So much of our ‘outreach’ both in science and in faith is to self-selected groups. How can we reach out to people we don’t normally engage with? We are good at lecturing and preaching but should we try to listen more? How diverse are our churches and how much do we chat with people in our churches who are not like us? How can we be welcoming and inclusive to foreigners in our midst who may feel the UK does not want them? How can we live in unity with those who do not share our views? There are so many challenges for us now but, in the midst of this dark world, let us not miss the opportunities God gives us to reach out in love. Maybe this situation will give us, as scientists who are Christians, a unique role in building post-Brexit bridges.

Professor John V Wood, CBE, FREng: John is Secretary of the Association of Commonwealth Universities and an adviser to both the European Commission and individual governments on international science policy especially large research infrastructures. He is the chair of ATTRACT which is an activity led by CERN and other EIROFORUM members and also chair of the Global Research Data Alliance involving researchers from 110 countries. John is also Chairman of the CiS Board of Trustees.

Identifying with one’s people despite the bleakness of the situation reminds us of Jeremiah going with his people into exile despite his warnings of the outcomes. The Brexit vote reverberated around the world where our colleagues in Africa, Asia and the Americas were aghast at the impact this would have on UK science and our world standing. Yet there are opportunities and many advanced countries are focusing a significant percentage of Science, Technology and Innovation research funds on the delivery of the Sustainable Development Goals. Commissioner Moedas’ Open to the World policy focuses on Science Diplomacy and Delivery of the SDGs. Indeed in the UK, some research council’s money has to be directed to the grand societal challenges. Even if UK scientists cannot benefit, we should rejoice that those peoples of the world who live in poverty and tremendous inequality may receive a better quality of life than now.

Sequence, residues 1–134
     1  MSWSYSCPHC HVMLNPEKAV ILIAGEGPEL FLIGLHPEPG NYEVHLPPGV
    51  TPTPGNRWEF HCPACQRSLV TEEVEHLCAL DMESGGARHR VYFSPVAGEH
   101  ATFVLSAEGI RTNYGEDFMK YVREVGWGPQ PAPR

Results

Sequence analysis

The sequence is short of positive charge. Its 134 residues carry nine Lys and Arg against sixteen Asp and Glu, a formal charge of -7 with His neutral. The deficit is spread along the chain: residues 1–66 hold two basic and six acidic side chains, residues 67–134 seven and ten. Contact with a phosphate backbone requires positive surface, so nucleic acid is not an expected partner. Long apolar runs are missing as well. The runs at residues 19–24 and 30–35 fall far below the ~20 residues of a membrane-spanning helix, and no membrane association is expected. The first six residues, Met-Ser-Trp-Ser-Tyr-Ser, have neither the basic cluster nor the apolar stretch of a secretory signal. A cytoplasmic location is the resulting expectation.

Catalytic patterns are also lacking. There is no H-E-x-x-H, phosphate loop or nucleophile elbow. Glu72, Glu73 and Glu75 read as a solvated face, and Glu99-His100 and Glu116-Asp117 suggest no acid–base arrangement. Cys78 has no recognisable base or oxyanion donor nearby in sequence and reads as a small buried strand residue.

Greater emphasis is now being put on our long term relationships outside Europe such as with the Commonwealth and in June 2017 the 3rd Commonwealth Science Summit in Singapore is likely to focus much more on collaboration with our old partners. There is now an urgent need to both preserve and increase the number of Commonwealth Scholarships and Fellowships in addition to the Chevening Scholarships for the rest of the world. Our responsibility is to act as citizens of the world, to actively try and influence political and fiscal decisions which may feel uncomfortable at times. To overcome evil by good. We should remember that while Europe itself has abandoned the Christian base of the Schuman declaration, which was the founding document of the European Union, perhaps we should now be proactive in seeking to express our faith in a way that many of our Commonwealth friends will understand much more than citizens in the UK.